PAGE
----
West Point 1915 – Book Review
Each year, the United States Military Academy at West Point produces an outstanding graduation class. These classes have made and will continue to make superb contributions to the Army and to society. One class that unquestionably left its mark in both of these areas was the Class of 1915. Incredibly, of its 164 graduates 59 of them attained the rank of brigadier general or higher during their careers (clearly the most of any class). Military historian Michael Haskew details many of the officers that made up this class in his exceptional volume, West Point 1915: Eisenhower, Bradley, and the Class the Stars Fell On.
In crafting a book on the Class of 1915, any author must wrestle with two difficult questions. First, how to keep a balanced approach in the content—how do you ensure the book doesn’t focus almost solely on the class’s two most celebrated graduates, Dwight Eisenhower and Omar Bradley? Second, and related to the first, how does an author find fresh material on Eisenhower and Bradley that will engage readers who are already extremely knowledgeable about those two men? I believe Haskew has clearly met the challenge in both instances.
In regards to balance, Haskew has striven to provide readers a comprehensive look at the Class of 1915. This is not to say that Eisenhower and Bradley are seldom mentioned in the book; the author features them in his pages. However, with a class that achieved so much, Haskew has much to work with, including officers such as Joseph McNarney (who commanded US Forces in Europe 1945–1947), James Van Fleet (the commander of US 8th Army during the Korean War from 1951 to 1953) and George Stratemeyer (who commanded numerous large Army Air Force units from 1943 to 1952). Additionally, Haskew offers significant detail on many of the officers who made up this extraordinary class. In total, he substantiates that the Class of 1915 was undeniably impressive from top to bottom.
Every bit as challenging as obtaining balance is providing the seasoned reader with a discussion on Eisenhower and Bradley that will keep such readers’ attention. With so much previous scholarship on these men, that is difficult. However, I believe Haskew has selected vignettes and anecdotes that will benefit the preponderance of readers, and he seamlessly blends the information on Eisenhower and Bradley into the context of the book.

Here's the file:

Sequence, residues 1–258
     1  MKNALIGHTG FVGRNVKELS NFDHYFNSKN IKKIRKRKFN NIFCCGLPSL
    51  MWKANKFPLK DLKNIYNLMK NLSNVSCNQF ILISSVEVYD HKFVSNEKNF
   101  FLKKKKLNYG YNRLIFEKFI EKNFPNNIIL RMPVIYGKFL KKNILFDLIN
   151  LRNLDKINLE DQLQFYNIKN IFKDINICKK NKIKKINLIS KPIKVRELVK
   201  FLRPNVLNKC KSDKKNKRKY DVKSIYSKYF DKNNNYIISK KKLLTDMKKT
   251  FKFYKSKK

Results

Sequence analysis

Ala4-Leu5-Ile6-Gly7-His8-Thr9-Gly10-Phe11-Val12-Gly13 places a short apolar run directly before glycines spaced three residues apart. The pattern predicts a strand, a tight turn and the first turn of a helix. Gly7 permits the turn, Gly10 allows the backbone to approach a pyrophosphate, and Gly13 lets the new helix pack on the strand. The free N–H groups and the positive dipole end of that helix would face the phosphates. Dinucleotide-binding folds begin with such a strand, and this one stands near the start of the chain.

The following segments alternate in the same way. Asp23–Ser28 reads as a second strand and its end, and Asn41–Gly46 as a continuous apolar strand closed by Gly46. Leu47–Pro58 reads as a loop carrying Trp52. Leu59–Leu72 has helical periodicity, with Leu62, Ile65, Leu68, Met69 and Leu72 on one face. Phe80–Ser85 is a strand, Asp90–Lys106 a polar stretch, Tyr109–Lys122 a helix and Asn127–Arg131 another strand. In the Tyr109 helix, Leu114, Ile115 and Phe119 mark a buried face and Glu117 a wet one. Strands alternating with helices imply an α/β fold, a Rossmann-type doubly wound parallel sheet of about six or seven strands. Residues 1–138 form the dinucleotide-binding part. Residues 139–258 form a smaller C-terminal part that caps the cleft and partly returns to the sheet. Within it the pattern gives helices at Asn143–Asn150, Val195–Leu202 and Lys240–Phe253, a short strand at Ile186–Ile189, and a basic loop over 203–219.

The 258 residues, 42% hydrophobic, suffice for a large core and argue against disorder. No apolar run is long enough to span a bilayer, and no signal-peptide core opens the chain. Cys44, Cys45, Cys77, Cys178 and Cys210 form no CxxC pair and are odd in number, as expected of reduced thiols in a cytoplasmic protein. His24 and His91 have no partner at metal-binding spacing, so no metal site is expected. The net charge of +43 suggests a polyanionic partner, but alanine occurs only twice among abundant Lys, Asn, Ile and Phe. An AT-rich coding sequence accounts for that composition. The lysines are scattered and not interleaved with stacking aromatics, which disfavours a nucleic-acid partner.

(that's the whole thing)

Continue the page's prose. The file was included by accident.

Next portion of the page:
In a book of this type, organization is critical for understanding and readability. Haskew chose to organize his volume chronologically instead of dedicating chapters solely to a particular 1915 graduate. These chapters are essentially broken into five distinct sections: lives prior to West Point, the West Point years, World War I, World War II, and careers and lives following World War II. I found the author’s decision to organize this way highly effective and of tremendous value to my overall understanding of the Class of 1915.
West Point 1915 is a volume that has much to recommend it. Apart from the aforementioned organization, there is the fluidity and conciseness of Haskew’s writing, and the exhaustive research displayed within its pages, all of which make this a highly readable volume. However, the one strength that stands out for me is the author’s ability to articulate the human aspects of the Class of 1915.
Throughout West Point 1915, Haskew strives to provide readers with the human dimension of those who made up the class. He highlights the emotional roller coaster many of them went through during their attempt(s) to receive a West Point appointment. He highlights their considerable strengths, but just as importantly addresses their flaws and weaknesses. He offers numerous examples of the incredible amount of hard work and perseverance members of the class displayed during their lives and careers. In a limited amount of text, Haskew enables readers to gain a more comprehensive understanding of many of the members of the Class of 1915.
In the book’s last paragraph he states, “One conclusion is inescapable. The soldiers of the Class the Stars Fell On are worthy of remembering, with a legacy true to the West Point motto of Duty, Honor, Country – not only in theory, but also in the magnificence of their deeds.” This is a volume that humanizes the class and praises a group who, as a whole, contributed so much to their country.
Rick Baillergeon is a retired U.S. Army Infantry officer. Since his retirement, he has served as a faculty member at the U.S. Army Command and General Staff College. He is also co-author of the popular Armchair General web series “Tactics 101.”